Bridges

Bridges Specialist
Sports injuries, accidents, or disease can suddenly leave you with a missing tooth. Eating and talking immediately becomes more difficult. Your first thought may be, “How quickly can I get to the dentist?” One option for replacing the tooth is a dental bridge. Dr. Patricia Van Kooten, DMD, at Lighthouse Family Dentistry in Monterey, California, specializes in bridges and crowns and leaves time in her schedule for emergency appointments. Call the office, or request an online appointment now to benefit from Dr. Van Kooten’s expertise in “bridge building.”

Bridges Q & A

What is a dental bridge?

Dental bridges close the space created by one or more missing teeth. Dr. Van Kooten places a crown on either side of the missing tooth or teeth. The crowns help anchor the false tooth or teeth. The replacement teeth, called pontics, are made of alloys, porcelain, or a combination of them and sit between the two crowns.

What are the benefits of dental bridges?

Bridges are used to:      

  • Enable you to chew more easily
  • Help you speak clearly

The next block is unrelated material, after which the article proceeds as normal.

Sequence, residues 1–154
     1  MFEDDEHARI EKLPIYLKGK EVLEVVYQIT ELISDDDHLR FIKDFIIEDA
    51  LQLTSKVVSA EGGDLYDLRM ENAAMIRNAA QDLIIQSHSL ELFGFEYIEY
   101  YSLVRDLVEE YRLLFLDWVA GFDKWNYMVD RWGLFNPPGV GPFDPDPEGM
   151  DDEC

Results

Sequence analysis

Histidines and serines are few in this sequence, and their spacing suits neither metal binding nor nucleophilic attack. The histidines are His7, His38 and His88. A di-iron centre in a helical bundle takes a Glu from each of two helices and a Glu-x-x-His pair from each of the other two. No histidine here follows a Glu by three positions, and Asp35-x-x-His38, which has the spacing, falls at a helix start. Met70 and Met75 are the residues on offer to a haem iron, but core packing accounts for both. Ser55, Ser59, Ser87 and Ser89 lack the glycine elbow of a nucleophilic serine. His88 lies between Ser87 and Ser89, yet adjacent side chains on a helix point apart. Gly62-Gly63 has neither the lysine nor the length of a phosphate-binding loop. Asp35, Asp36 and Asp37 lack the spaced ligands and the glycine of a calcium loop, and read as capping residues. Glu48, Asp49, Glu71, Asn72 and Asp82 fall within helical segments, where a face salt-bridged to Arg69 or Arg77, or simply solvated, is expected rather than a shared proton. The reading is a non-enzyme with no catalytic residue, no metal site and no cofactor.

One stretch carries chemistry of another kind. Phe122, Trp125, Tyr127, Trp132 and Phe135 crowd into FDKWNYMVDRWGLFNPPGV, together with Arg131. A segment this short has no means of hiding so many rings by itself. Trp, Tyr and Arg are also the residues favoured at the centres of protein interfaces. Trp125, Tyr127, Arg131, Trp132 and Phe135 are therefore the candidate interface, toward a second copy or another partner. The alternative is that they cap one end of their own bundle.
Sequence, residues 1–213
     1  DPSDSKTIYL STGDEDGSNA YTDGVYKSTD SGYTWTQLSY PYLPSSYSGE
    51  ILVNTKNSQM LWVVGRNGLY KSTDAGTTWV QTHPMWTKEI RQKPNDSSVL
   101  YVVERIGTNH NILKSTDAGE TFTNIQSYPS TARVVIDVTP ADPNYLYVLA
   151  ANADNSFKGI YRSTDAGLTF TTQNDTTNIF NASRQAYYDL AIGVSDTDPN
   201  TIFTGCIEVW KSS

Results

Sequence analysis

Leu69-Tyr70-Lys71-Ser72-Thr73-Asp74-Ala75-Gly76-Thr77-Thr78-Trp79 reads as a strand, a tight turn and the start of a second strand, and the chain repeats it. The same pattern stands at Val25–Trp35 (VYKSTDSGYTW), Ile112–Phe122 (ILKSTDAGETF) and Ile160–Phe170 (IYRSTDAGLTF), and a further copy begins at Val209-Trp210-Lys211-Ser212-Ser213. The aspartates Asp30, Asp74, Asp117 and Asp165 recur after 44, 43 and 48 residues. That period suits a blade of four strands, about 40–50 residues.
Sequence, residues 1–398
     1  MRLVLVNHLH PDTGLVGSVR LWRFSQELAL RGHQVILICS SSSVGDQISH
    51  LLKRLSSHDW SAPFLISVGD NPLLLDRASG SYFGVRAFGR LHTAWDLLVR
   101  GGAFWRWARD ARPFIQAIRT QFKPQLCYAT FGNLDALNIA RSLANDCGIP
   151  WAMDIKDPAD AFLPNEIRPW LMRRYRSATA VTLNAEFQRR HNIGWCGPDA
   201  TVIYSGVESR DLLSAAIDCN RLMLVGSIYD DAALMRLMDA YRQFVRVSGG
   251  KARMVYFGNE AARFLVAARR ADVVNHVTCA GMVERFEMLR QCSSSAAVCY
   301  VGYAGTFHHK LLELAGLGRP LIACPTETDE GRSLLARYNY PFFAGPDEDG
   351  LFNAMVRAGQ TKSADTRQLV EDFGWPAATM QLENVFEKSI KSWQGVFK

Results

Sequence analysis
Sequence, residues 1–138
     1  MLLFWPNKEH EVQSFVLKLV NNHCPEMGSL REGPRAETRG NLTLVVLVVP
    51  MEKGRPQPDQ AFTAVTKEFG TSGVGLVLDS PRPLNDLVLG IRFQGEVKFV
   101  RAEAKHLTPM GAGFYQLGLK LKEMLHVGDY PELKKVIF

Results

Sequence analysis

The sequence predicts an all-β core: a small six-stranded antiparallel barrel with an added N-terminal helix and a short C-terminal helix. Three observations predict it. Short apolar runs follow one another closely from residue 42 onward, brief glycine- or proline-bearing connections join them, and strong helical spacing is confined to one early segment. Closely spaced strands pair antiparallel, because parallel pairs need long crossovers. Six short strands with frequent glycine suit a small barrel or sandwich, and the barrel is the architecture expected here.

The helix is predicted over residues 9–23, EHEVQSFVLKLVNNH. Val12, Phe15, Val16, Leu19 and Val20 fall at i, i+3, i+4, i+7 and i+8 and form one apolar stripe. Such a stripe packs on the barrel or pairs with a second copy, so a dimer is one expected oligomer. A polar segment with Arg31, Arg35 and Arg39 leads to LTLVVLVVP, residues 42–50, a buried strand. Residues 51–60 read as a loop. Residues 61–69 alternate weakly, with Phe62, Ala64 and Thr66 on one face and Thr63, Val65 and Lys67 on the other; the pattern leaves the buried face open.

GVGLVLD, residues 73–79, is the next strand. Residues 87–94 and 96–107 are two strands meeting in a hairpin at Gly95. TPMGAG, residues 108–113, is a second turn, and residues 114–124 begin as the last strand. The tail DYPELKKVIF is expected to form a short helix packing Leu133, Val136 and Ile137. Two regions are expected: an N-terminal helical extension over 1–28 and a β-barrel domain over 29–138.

• Maintain your jawline
  • Keep your bite correct
  • Ensure that surrounding teeth remain in position
  • Are generally covered at least partially by dental insurance

What happens during a bridge procedure?

Bridges involve at least two dental visits. At the first visit, Dr. Van Kooten takes X-rays of the teeth to ensure that the roots are healthy and can support crowns. Then she begins to prepare the crowns that are placed on either side of the empty space where the old tooth was. She makes impressions of the teeth, which a lab will use to make the crowns and the pontic, or artificial tooth that replaces the old one. She also provides a temporary bridge to protect the teeth and gums while the new bridge is made.

At the next visit, she removes the temporary bridge and gently guides the permanent bridge into place, checking it to ensure that it fits properly. She applies a temporary adhesive to allow you to adjust to the new teeth for a week or two. At the final visit, she cements it into place.

What is the recovery time?

Within a week or two, you’ll be back to normal. In the meantime, eat soft foods, and cut food into small pieces.

How long does a bridge last?

A bridge may last many years with good oral hygiene, proper dental care, and good physical health.

What can I do to ensure a long life for the bridge?

Brushing and flossing daily along with using an antiseptic mouthwash is critical for oral health.

Visiting Dr. Van Kooten regularly at six-month intervals for an exam and cleaning helps to pinpoint any areas that could become trouble spots and treat them proactively.